Mayor Dane Slater said that residents have said that a trail and pathway system is at the top of the list of things they want.

“This is the most logical place (to start),” said Councilwoman Edna Abrahim, referring to the proposed trail’s proximity to the Civic Center.

Slater said the consensus of the council was to move forward with including the $1 million for construction of the nonmotorized path near the planned dog park in the budget.

The proposed budget includes $200,000 for a concept plan for future development of the Civic Center campus, and $550,000 to enhance the pedestrian crosswalk at Big Beaver Road, near the Automation Alley business technology park.

There is just under $8.8 million in the proposed budget earmarked for roadway improvements — $5.68 million for major streets and $3.07 million for local streets. The budget includes $3.1 million to construct Fire Station 4 and $3.6 million for sewer improvements. Major road improvements would come to South Boulevard, from Livernois Road to Rochester Road, and to Dequindre, from south of Beaumont Hospital, Troy, to north of M-59. Work would also be done on Wattles Road, from Rochester Road to John R Road, and on the Livernois and South Boulevard intersection.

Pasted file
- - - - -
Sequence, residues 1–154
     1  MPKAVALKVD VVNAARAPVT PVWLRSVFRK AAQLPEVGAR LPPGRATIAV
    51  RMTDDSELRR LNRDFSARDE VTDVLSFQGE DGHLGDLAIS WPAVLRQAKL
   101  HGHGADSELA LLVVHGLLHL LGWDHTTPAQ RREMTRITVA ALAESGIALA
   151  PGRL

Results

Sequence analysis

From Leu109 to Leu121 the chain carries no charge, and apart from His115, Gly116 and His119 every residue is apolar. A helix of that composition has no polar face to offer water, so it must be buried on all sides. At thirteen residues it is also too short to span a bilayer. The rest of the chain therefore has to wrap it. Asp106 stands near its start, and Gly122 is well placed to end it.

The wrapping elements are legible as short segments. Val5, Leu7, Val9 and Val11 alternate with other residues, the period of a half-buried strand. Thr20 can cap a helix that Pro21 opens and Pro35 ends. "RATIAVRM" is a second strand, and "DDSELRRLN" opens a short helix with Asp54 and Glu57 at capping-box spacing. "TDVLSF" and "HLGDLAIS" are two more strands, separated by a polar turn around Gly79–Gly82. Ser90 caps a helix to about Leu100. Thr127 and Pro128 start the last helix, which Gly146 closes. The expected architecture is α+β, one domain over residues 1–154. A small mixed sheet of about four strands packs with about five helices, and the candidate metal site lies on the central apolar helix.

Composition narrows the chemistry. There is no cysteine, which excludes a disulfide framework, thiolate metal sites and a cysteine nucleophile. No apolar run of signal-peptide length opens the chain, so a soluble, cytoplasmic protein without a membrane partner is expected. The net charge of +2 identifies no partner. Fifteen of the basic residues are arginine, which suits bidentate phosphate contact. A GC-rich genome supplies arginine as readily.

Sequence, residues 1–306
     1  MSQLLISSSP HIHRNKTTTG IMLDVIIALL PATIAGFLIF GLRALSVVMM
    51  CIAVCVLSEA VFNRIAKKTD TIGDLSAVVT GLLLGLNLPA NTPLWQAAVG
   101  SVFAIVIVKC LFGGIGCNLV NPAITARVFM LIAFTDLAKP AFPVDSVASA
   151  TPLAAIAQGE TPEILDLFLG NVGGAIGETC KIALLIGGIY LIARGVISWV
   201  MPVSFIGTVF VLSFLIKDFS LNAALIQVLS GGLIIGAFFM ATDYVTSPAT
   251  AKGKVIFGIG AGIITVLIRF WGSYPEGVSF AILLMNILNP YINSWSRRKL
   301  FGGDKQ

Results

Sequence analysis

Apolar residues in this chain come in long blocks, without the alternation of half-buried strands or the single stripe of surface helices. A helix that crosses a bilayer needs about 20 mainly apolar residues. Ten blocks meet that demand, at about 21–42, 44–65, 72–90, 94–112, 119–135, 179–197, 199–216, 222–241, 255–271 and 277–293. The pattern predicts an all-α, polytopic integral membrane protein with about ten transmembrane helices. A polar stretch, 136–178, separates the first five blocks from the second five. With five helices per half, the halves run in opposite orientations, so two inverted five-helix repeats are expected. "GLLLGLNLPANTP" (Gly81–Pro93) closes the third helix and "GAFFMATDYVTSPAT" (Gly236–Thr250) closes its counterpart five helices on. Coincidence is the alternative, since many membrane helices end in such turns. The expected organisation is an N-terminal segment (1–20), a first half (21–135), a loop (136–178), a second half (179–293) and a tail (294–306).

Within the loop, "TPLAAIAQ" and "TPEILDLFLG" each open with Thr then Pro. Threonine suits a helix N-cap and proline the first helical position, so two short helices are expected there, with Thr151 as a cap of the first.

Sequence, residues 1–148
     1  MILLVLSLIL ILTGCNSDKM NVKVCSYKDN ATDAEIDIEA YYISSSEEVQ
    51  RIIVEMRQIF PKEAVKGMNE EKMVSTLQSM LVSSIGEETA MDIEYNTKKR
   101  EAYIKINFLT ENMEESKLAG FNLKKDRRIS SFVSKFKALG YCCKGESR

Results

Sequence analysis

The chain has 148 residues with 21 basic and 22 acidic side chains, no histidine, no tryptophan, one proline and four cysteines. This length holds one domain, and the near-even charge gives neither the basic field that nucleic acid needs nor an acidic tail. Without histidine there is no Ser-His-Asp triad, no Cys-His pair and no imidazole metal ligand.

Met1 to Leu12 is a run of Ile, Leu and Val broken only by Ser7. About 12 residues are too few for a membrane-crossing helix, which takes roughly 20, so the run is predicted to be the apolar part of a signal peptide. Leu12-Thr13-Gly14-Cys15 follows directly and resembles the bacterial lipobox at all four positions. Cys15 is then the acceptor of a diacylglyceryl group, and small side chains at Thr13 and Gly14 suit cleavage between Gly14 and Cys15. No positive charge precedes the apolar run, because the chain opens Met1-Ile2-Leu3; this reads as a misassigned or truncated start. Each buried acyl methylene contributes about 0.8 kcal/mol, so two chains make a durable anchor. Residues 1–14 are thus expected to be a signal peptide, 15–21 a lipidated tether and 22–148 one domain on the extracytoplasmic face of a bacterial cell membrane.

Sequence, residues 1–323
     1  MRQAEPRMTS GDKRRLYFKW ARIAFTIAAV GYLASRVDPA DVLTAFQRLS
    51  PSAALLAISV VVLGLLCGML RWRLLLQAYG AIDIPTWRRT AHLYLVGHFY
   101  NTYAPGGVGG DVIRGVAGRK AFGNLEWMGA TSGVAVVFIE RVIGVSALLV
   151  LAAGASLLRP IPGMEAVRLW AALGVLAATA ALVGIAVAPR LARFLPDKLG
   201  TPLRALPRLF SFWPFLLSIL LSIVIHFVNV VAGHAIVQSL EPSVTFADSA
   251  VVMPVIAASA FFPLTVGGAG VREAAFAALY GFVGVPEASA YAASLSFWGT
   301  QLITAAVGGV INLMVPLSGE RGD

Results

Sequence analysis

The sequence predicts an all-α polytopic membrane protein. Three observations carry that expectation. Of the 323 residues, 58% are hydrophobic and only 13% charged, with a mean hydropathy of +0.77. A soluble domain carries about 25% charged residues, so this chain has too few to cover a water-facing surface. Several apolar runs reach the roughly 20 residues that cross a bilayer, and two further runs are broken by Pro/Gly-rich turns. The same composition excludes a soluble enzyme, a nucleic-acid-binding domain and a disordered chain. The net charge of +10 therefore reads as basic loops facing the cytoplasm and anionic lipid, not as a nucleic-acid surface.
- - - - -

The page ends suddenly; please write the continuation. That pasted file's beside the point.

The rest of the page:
Water rates for the city of Troy have increased by $1.3 million, or 10.8 percent, and sewer rates by $644,000 or 4 percent, and the new proposed budget for 2016-17 reflects that. Under the new proposed budget, the average Troy residential water customer would pay just under $249 for water and sewer services per quarter, an increase of 6.9 percent, or  just under $16 per quarter.

The proposed budget has stipends of $75,000 for the Lloyd A. Stage Nature Center and $100,000 for the Troy Historic Village, an increase of $25,000 over last year.

The Troy Nature Society and the Troy Historical Society took over funding operations of the facilities in 2011.

“The fundamental point is that they are assets of the city,” said Kischnick. “The historical society has taken on a monumental task.”

The historic village’s annual budget is about $400,000, and the nature center’s annual budget is about $250,000.

“To go forward, we need more support,” said Loraine Campbell, executive director of the Troy Historic Village. “We have volunteers working 30 hours a week.”

“These are gems in our community,” said Councilwoman Ellen Hodorek.

“I believe they (the historic village and the nature center) are doing everything they possibly can to get revenue,” Slater said. “There’s a strong argument to help them out a little bit more this year.”

“It sure seems they are doing everything they possibly can,” said Troy Mayor Pro Tem Ed Pennington.

“I think we’re making a very wise investment,” said Abrahim. “It’s money well spent.”

The council planned to discuss the budget at its April 25 meeting and to approve it at the May 9 meeting.

Copies of the budget may be obtained at the Troy City Clerk’s Office, 500 W. Big Beaver Road, and it can be seen online at www.troymi.gov.